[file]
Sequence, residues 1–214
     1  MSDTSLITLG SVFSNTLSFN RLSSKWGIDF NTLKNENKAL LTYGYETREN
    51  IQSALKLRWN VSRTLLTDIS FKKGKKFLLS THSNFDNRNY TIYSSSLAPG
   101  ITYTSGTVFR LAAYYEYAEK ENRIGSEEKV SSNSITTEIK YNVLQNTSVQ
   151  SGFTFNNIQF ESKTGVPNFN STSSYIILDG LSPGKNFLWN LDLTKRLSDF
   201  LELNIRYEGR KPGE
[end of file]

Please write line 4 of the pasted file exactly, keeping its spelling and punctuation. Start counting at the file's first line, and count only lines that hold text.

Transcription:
   101  ITYTSGTVFR LAAYYEYAEK ENRIGSEEKV SSNSITTEIK YNVLQNTSVQ